The fluency-accuracy trade-off:  If we try to speak fluently our speech will come out less accurately. If we try to say each sound accurately, our speech will come out less fluently.


Challenging two underlying beliefs

The fact that people who stammer habitually focus more strongly on getting their words out accurately rather than just on maintaining the flow probably reflects an ingrained underlying belief that “If I only focus on maintaining the forward flow, my speech will not come out accurately enough for people to understand me”. In fact, this belief is often wrong, because, more often than not, when people who stammer do start focussing just on maintaining the forward flow, their listeners generally understand them much better than they expected. However, this belief is nevertheless extremely tenacious. It is usually also accompanied by another false belief… “If I try as hard as I can to speak as clearly and accurately as possible, people will understand me better”. In fact, the harder we try to speak clearly and accurately, the more disfluent we are likely to become and the more difficult it will be for people to understand us. So, in order to employ Orchestral Speech, we need to take the risk, ignore our prior beliefs (and our intuitive feelings) and just focus on maintaining the forward flow of speech and see what happens.

How to employ Orchestral Speech

In order to employ Orchestral Speech, it is best to formulate what you want to say before you say it. The reason for this is because, when using orchestral speech, your focus of attention needs to be primarily on the rhythm and flow of the words you are saying, and it is easier to pay attention strongly to the rhythm and flow of a phrase if you do not have to simultaneously attend to formulating its contents. Orchestral Speech is essentially like reciting poetry.

Orchestral speech works best when uttering phrases that contain several syllables and when the subject-matter is relatively simple. It is harder to use with single syllable utterances and when discussing topics that require a lot of thought (I’ll say more about this later). and it is harder if an utterance contains a lot of words. If you have a lot to say, it is best to break the utterance up into manageable chunks and alternate between formulating and speaking. Ideally, each chunk should contain a maximum of seven or eight words.  The key thing is that each chunk of utterance is short enough for you to be able to remember all of the words it contains. Otherwise, you may find yourself forgetting and needing to reformulate some of the words as you go along, and that may cause you to lose track of your intended rhythm.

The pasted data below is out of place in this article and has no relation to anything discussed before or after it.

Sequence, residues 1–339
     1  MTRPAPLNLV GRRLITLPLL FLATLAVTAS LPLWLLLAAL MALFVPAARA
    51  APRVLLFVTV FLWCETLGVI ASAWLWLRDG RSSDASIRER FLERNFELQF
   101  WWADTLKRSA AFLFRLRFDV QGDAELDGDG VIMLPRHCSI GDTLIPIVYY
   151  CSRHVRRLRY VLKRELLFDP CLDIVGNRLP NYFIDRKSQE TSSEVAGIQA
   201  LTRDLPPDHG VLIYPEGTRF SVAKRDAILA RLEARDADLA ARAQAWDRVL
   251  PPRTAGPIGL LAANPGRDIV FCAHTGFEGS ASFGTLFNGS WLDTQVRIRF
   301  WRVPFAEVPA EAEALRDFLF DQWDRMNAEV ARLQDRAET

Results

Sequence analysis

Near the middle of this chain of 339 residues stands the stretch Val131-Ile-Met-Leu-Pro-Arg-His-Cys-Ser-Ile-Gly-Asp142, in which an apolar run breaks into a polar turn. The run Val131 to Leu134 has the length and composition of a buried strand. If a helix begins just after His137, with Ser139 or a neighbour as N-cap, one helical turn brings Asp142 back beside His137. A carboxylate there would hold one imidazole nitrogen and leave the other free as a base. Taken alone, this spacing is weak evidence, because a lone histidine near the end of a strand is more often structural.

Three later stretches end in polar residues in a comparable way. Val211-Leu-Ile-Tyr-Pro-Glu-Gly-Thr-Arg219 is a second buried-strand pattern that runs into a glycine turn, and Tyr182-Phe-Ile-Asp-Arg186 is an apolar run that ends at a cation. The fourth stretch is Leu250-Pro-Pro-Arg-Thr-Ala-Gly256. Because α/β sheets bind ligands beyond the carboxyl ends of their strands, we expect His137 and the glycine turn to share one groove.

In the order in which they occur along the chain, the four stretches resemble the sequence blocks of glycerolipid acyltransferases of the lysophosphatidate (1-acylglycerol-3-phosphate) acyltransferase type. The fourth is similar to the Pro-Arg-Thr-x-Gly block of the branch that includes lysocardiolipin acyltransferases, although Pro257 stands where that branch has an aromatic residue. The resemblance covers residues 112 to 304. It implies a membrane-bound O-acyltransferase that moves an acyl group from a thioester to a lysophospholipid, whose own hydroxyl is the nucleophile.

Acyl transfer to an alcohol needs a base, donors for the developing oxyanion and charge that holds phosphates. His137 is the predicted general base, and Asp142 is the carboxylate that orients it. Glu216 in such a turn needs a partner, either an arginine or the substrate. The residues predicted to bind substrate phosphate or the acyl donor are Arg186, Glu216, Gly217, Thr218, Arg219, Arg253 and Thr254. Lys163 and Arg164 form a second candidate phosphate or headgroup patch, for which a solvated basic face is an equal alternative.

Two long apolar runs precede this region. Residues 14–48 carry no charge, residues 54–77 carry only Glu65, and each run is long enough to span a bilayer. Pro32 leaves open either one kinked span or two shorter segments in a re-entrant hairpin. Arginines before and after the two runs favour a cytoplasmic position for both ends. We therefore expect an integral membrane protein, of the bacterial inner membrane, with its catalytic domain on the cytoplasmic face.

1. Decide what you are going to say.
  2. Decide exactly what rhythm and speed you are going to say it with, and then
  3. Say it with the planned rhythm and speed.

Don’t worry if some sounds or words don’t come out as intended. Just keep to your planned rhythm and make sure you maintain the forward flow as planned. The best analogy for this is to speak as though you are playing an instrument in an orchestra or singing in a choir. In such situations, when a player or singer makes a mistake, they simply have to keep going (Hence the name “Orchestral Speech”). With Orchestral Speech the rhythm and forward flow are all-important. So, when using this technique, you must maintain your planned rhythm and forward flow at all costs, even if it means missing out some sounds or words entirely in order to keep up. If you make a mistake, do not slow down or stop. Do not speed up either. Just keep going as if nothing has happened, and if you block, just abandon the word you are blocking on and restart on the word that you would be saying had you not blocked – just like you would do when reciting something in unison with other people. This may mean missing more than one word in order to keep up.

How can I use Orchestral Speech for single syllable utterances?

Many of our utterances just consist of a single syllable or word. Obviously, this is a bit problematic for any method that focuses on rhythm or flow, so these single syllable utterances need a special approach. The secret is to establish a rhythm to adhere to before you try to say the word you want to say. There are many ways to do this: For example, If I want to say my name “Paul” I can tap with my fingers rhythmically four times and say the word on the fourth tap,


or I can count down three…two…one inside my head and then say the word out loud at the “zero” moment,


The technique I personally find easiest of all is to take a short in-breath prior to saying the word I want to say – and then say the word on the out-breath. (this is essentially the method taught in Mcguire Program)


A variation on this method which allows you to create a stronger rhythm is to take a couple of short breaths before saying the word “Paul on the second outbreath.